And finally an apology : Most of the photos were taken with my awful little Samsung phone, and not even approaching the quality I would like, even from a mobile phone. Still, there for the memories 🙂



Of Abandoned Plans, Buses, Buskers and at long-last Summer

Holy cough syrup, Batman,  but that was a humdinger, might even have been “man flu” in which case I understand, for once, all the fuss men make about it! Happily today I feel as if my head is finally no longer encased in cotton wool!

I poked my nose outdoors Saturday and ventured up to Santa Cruz to have lunch with Austin. Having had no-one but myself with whom to commune for almost a week, what I hadn’t realized was that the cold had left me slightly deaf, and since it was Saturday lunchtime in the Mall, in a typical Canarian restaurant, all tiled floors and wooden furniture, there was a lot of “excuse mes” and “can you say that again, please”. Still it’s always good to see my first-born, and “proper” food was something of a novelty too.

In sad need of some intellectual stimulation after the girly flicks and the Facebook marathons with which I tried to lift my befuddled spirits all week, I planned to go to a book fair in the delightful Parque Sanábria García afterwards, but you know what they say about the best-laid plans. Unusually (or why would they schedule a book fair in a park?) for here, the weather scuppered my intention. I emerged from the Mall onto its roof terrace, and into brilliant sunshine, planning to take a quick look at what they billed as a language fair,  but I’d clearly just missed a heavy squall. The occupants of the stalls were either scampering around chasing their paperwork, or mopping out the stands. None of them, if they were there at all, seemed very interested in answering any questions, so I pottered off in the direction of the park.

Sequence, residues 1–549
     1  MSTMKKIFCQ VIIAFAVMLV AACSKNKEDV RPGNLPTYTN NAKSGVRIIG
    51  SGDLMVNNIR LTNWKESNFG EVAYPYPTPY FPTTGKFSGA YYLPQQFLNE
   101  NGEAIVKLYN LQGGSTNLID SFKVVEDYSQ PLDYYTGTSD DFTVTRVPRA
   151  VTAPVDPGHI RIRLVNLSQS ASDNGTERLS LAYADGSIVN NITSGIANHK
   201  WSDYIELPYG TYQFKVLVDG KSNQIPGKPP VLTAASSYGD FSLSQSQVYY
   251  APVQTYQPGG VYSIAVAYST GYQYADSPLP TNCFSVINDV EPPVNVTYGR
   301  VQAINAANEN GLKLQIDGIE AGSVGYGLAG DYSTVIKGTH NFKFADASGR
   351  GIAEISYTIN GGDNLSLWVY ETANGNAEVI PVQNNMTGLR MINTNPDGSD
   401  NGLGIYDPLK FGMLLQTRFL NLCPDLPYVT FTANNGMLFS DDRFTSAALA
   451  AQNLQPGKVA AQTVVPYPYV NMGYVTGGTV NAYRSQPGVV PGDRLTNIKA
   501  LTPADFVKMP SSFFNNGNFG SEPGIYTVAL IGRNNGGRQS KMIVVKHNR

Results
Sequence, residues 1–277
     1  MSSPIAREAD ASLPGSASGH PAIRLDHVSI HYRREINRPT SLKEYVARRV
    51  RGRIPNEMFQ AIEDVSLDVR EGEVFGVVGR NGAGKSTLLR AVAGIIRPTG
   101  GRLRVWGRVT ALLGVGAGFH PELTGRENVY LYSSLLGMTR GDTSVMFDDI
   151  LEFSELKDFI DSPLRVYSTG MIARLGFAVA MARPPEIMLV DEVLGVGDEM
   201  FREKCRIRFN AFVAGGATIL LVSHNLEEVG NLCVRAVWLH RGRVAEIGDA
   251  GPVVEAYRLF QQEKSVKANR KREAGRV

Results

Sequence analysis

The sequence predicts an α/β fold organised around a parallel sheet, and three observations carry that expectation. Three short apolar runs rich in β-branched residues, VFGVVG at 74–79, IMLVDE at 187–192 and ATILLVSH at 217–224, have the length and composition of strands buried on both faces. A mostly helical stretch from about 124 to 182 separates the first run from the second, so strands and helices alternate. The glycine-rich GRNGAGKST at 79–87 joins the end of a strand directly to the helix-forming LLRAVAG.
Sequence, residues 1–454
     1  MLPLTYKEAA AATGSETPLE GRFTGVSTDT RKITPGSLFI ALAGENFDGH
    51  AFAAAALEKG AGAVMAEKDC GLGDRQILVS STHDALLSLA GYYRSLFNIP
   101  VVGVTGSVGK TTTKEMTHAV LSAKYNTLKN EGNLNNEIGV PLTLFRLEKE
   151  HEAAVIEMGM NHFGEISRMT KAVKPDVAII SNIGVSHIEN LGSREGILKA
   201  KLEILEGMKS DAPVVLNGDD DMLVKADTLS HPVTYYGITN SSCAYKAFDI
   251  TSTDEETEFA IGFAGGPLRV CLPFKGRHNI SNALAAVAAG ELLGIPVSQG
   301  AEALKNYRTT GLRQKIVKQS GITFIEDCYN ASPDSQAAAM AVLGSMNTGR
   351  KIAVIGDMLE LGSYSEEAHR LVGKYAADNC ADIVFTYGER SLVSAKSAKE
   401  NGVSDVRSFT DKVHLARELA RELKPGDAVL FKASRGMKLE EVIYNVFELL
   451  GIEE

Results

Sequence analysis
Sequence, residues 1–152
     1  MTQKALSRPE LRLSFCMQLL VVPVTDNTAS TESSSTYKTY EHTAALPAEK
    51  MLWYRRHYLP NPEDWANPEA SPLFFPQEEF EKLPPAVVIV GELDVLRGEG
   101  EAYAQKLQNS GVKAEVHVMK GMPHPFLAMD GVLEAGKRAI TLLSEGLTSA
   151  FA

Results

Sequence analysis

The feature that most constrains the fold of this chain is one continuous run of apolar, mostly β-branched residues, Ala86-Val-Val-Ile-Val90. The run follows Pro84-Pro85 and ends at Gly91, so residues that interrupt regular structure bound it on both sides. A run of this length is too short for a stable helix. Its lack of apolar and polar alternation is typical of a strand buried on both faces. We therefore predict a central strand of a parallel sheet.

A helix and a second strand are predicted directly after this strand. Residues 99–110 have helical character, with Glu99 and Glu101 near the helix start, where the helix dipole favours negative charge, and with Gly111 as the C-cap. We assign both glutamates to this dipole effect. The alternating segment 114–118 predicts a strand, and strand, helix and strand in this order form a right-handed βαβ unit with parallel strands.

It wasn’t long before another wave of chilly rain set in though, and I decided that even if the participants in the book fair were in a better state than those in the language fair, it wasn’t going to be over-jolly with the weather as it was. I abandoned plans and headed back to the bus station. I’d come on the bus just in case I’d felt woozy and unable to drive safely.

The local bus service luxuriates in the title of Transportes Interurbanos de Tenerife S.A.U.……. or TITSA for short……..and now that you’ve stopped giggling may I continue, those of us who live here are totally bored by the merriment that acronym causes? They offer a great service, in fact, which surprises many people. They seem to usually be, more or less, on time, and I don’t ever remember an English bus service offering more than that. They are clean and air-conditioned (which is another reason for choosing the service over driving, because my car isn’t), the cost of the journey to Santa Cruz is slightly less than the cost of petrol in my wee Clio, so must be way cheaper than a bigger car, and you arrive at a fairly modern bus station which is quite central to the city, so no parking problems. They also have this nifty service where you can text them the number of the bus stop at which you’re waiting, and they text you back the times of the next 2 or 3 buses due to arrive there. So if there is a long wait you can slope off for a coffee.